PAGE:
Death of John Dalton (1844) who investigated the physical and chemical properties of matter and deduced an Atomic Theory (1803) whereby atoms of the same element are the same, but different from the atoms of any other element.
John Dalton arrived at his view of atomism by way of meteorology, in which he was seriously interested for a long period: he kept daily weather records from 1787 until his death, his first book was Meteorological Observations (1793), and he read a series of papers on meteorological topics before the Literary and Philosophical Society between 1799 and 1801. The papers contained Dalton’s independent statement of Charles’s law (see Joseph Louis Gay-Lussac): “All elastic fluids expand the same quantity by heat.”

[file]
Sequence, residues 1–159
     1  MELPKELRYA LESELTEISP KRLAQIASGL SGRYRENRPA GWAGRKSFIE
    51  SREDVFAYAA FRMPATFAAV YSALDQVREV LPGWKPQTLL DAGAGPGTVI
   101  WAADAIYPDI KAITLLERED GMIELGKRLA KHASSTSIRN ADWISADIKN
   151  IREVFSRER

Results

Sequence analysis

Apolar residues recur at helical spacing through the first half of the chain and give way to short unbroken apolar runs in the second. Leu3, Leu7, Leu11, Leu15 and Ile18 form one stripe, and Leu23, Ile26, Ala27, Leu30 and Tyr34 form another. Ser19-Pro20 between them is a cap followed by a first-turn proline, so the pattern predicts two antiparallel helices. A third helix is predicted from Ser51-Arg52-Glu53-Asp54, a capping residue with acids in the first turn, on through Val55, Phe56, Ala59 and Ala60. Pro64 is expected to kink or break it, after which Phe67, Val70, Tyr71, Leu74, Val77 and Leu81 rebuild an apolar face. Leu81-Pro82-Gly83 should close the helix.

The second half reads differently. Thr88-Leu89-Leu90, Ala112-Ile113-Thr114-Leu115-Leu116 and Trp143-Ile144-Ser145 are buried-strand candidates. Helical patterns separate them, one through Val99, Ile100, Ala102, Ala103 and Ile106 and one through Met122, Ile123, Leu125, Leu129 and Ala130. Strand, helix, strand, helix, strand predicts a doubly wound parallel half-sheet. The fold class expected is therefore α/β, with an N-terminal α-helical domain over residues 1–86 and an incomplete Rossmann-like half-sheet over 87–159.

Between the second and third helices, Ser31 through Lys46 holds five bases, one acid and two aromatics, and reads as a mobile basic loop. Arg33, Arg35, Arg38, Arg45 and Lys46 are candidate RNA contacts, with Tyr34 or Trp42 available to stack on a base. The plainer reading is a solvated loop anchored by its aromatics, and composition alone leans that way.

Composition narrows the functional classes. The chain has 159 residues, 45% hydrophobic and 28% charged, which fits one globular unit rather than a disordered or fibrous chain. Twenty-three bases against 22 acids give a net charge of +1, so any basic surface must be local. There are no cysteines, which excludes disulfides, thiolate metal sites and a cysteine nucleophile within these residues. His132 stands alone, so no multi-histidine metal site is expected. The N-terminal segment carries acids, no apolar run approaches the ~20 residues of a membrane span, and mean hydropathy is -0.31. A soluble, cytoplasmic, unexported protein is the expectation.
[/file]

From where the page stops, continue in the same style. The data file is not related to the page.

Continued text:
He proceeded to calculate atomic weights from percentage compositions of compounds, using an arbitrary system to determine the likely atomic structure of each compound. If there are two elements that can combine, their combinations will occur in a set sequence. The first compound will have one atom of A and one of B; the next, one atom of A and two atoms of B; the next, two atoms of A and one of B; and so on. Hence, water is HO. Dalton also came to believe that the particles in different gases had different volumes and surrounds of caloric, thus explaining why a mixture of gases—as in the atmosphere—would not simply layer out but was kept in constant motion. Dalton consolidated his theories in his New System of Chemical Philosophy (1808–1827).
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Excerpted with permission, Chemical Heritage Foundation